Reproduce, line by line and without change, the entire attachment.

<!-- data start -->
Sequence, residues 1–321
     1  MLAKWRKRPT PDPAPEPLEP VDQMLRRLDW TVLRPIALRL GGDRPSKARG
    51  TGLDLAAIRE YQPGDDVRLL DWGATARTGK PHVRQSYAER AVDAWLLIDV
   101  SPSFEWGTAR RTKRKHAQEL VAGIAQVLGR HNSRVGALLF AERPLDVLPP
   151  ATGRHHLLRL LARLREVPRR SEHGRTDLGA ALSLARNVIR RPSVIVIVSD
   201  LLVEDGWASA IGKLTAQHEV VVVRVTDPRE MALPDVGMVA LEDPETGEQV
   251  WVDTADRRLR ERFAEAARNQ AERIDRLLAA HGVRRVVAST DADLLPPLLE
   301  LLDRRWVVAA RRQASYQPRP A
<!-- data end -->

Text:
Sequence, residues 1–321
     1  MLAKWRKRPT PDPAPEPLEP VDQMLRRLDW TVLRPIALRL GGDRPSKARG
    51  TGLDLAAIRE YQPGDDVRLL DWGATARTGK PHVRQSYAER AVDAWLLIDV
   101  SPSFEWGTAR RTKRKHAQEL VAGIAQVLGR HNSRVGALLF AERPLDVLPP
   151  ATGRHHLLRL LARLREVPRR SEHGRTDLGA ALSLARNVIR RPSVIVIVSD
   201  LLVEDGWASA IGKLTAQHEV VVVRVTDPRE MALPDVGMVA LEDPETGEQV
   251  WVDTADRRLR ERFAEAARNQ AERIDRLLAA HGVRRVVAST DADLLPPLLE
   301  LLDRRWVVAA RRQASYQPRP A